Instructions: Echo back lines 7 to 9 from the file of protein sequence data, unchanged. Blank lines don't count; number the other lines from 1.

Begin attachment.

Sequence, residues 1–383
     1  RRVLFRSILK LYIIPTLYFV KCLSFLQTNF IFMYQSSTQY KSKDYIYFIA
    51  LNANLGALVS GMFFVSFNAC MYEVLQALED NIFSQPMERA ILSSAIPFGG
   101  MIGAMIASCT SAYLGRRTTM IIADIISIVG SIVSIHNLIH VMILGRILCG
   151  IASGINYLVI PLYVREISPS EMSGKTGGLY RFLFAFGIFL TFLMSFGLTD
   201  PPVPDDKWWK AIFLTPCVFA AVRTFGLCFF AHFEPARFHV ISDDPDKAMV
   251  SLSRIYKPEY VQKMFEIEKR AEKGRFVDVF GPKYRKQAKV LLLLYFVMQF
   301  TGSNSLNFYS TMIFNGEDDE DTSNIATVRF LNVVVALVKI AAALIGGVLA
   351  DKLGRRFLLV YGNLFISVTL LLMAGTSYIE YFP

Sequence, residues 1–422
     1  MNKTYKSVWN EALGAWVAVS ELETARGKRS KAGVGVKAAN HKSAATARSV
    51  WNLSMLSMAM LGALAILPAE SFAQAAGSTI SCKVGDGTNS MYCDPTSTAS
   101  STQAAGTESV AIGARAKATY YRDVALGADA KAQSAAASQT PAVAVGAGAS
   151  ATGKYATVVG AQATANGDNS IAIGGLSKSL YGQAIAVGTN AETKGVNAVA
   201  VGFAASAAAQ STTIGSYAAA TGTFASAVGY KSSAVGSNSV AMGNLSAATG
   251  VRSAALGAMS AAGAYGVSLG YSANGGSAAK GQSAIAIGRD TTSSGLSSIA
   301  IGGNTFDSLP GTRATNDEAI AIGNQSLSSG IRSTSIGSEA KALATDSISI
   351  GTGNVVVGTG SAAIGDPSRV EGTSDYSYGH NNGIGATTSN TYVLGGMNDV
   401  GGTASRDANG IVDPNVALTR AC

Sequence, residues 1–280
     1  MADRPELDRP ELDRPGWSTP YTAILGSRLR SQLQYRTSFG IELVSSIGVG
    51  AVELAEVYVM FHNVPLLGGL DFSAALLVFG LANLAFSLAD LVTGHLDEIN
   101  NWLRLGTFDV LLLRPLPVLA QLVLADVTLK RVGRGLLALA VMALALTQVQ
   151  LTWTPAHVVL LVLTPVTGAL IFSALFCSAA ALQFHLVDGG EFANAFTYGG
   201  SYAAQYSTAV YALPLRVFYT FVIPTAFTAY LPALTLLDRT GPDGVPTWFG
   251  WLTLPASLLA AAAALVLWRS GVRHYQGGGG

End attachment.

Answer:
   251  SLSRIYKPEY VQKMFEIEKR AEKGRFVDVF GPKYRKQAKV LLLLYFVMQF
   301  TGSNSLNFYS TMIFNGEDDE DTSNIATVRF LNVVVALVKI AAALIGGVLA
   351  DKLGRRFLLV YGNLFISVTL LLMAGTSYIE YFP